Saturday: House resumes spending debate, plans vote on embassy security

Speaker John Boehner (R-Ohio) now has to decide how to react to the Senate's "clean" spending bill. He has said previously that the House would not pass a clean bill.

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But the Senate vote may have created a new reality. Most Senate Republicans voted to end debate on the bill, knowing that vote would allow Democrats to strip the ObamaCare language from the bill.

That vote, which split Republicans 25-19 in favor of moving ahead with the bill, essentially told the House that there is no appetite in the Senate for a government shutdown over ObamaCare.

That could force GOP leaders in the House to recalculate their next move. At the same time, dozens of House Republicans are expected to keep up pressure on leadership to defund the healthcare law.

On Friday afternoon, one House Republican suggested that allowing the government to shut down would give the GOP leverage in their fight over ObamaCare.

The GOP will have a chance to discuss the issue in a meeting with the Republican caucus on Saturday. As of Friday afternoon, Republicans were still considering several ideas, including attaching a one-year delay of ObamaCare to the spending resolution.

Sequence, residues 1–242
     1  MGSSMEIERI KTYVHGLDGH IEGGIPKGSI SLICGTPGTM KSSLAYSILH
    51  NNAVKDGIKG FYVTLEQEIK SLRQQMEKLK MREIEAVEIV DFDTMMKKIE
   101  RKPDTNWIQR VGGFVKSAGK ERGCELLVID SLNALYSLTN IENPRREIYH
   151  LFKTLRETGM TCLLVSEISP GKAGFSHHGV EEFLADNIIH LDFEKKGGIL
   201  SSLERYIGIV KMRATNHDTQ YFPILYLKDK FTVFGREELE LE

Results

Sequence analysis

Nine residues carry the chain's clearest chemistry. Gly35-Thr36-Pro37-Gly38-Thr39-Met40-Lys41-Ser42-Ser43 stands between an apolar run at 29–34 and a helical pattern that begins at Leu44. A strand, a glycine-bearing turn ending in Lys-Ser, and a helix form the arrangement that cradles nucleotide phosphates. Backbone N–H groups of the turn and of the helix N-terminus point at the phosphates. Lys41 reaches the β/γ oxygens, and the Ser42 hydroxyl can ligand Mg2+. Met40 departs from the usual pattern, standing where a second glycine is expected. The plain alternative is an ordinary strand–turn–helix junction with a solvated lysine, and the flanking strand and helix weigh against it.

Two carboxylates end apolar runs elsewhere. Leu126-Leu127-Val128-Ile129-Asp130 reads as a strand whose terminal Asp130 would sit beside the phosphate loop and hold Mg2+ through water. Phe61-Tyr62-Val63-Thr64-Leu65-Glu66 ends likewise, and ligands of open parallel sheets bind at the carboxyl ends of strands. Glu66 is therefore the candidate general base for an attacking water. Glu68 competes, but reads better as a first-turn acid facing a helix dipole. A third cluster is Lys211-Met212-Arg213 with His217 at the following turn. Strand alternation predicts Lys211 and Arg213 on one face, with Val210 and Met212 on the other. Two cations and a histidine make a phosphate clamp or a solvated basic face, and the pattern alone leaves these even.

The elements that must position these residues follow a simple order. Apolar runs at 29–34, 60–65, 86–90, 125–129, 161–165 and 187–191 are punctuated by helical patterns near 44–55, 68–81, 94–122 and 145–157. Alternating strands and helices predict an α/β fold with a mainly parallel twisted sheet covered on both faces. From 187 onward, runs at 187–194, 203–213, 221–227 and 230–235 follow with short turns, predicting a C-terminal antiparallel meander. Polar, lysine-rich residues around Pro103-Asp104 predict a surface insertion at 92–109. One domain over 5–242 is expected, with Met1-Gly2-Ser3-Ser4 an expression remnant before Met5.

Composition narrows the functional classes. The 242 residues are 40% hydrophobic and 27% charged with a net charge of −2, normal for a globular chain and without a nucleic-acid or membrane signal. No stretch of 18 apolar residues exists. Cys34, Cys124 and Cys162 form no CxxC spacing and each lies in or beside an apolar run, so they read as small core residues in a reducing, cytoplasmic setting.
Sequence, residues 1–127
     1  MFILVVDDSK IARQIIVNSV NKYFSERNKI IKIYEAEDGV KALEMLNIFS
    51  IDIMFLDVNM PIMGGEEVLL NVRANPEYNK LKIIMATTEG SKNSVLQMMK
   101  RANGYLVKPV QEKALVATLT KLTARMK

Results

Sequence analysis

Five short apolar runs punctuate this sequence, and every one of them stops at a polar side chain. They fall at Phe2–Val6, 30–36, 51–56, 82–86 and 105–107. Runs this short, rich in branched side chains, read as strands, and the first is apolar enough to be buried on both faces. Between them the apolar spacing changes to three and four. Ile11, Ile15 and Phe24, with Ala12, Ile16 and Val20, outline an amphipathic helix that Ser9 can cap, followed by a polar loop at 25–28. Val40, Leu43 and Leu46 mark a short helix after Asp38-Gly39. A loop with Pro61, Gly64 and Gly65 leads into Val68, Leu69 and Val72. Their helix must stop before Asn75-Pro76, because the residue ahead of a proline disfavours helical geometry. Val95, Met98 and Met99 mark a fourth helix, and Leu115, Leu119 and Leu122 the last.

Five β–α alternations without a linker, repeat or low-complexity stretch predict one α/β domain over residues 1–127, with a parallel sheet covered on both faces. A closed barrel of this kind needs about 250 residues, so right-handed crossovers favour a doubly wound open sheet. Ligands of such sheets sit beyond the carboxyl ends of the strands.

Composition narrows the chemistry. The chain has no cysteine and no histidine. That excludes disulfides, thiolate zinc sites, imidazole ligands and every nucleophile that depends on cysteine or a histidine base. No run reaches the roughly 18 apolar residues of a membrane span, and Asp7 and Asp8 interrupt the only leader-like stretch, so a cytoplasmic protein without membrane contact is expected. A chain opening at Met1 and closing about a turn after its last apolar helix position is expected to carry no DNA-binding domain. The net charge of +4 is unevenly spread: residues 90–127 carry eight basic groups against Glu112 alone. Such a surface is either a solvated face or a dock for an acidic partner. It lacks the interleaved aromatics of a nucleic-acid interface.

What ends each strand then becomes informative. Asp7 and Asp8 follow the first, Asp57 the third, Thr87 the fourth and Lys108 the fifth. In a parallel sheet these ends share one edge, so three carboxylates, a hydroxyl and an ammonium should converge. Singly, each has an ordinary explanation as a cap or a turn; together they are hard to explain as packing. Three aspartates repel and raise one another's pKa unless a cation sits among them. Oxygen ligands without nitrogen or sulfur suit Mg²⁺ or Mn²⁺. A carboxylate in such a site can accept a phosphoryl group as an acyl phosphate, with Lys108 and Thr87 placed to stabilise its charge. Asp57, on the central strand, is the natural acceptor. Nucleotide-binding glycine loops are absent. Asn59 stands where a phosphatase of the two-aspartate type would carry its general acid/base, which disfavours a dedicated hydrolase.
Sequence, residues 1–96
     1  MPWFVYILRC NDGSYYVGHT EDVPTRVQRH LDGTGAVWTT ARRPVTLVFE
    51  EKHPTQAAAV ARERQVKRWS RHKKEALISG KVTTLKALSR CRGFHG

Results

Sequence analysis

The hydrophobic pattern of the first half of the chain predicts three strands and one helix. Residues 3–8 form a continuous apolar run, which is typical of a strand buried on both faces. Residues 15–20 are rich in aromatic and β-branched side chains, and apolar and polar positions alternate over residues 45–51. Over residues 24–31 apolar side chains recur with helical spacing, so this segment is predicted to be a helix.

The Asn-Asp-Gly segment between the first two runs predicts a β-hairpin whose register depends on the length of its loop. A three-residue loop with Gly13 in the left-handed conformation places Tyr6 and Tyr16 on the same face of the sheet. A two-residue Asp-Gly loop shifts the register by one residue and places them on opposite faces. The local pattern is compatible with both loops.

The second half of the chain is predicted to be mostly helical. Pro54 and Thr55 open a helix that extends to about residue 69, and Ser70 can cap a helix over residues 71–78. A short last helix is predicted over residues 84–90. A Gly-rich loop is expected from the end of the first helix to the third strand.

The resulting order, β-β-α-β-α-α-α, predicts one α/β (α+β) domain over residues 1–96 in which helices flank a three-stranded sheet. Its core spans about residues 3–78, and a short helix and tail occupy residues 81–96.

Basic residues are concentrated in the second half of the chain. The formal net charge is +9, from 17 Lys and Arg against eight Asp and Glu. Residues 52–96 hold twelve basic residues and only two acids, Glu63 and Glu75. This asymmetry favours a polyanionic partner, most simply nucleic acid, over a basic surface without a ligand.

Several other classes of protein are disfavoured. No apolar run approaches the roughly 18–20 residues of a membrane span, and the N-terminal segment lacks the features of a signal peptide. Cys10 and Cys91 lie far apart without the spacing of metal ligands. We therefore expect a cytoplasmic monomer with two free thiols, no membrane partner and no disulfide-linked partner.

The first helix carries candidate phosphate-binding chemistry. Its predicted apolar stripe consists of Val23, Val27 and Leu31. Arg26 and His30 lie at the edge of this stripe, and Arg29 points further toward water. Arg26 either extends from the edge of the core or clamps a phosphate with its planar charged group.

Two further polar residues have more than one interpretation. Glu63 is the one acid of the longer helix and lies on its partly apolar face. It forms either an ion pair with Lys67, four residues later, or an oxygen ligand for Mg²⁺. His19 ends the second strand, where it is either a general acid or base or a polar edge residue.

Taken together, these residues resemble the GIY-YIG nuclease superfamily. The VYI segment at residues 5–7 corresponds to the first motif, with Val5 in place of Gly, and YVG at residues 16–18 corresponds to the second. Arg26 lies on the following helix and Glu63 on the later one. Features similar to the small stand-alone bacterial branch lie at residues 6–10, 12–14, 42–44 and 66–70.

The House will start at 10 a.m. for morning speeches, and then at noon for legislative business.

One item that could get a vote is H.Res. 361. This resolution would allow the House to consider rules related to spending or the debt ceiling on the House floor on the same day they are passed by the Rules Committee.

GOP leaders listed this as a possible vote on Saturday. One reason it may not be needed is because Republicans appear to have backed off a plan to pass a debt ceiling bill this weekend.

Another reason it would not be needed is if the House can quickly finalize its work on the spending resolution. The resolution in its current form is H.J.Res. 59, as amended by the Senate.

Also Saturday, the House also plans votes on two suspension bills, which will require a two-thirds vote to pass.

One is H.R. 2848, which would reauthorize the State Department and boost funding for embassy security. The bill is a reaction to last year's attack on the U.S. consulate in Benghazi that left four U.S. officials dead.

The other is H.R. 3204, a bipartisan bill aimed at making it easier to track counterfeit or dangerous drugs back to the facilities that produced them. This bill is a reaction to a meningitis outbreak that was eventually traced back to the New England Compounding Center.

Having finished its vote on Friday, the Senate adjourned until Monday afternoon. Before adjourning the Senate, Majority Leader Harry Reid (D-Nev.) warned House Republicans that the only way to avoid a shutdown is to pass the Senate's bill.

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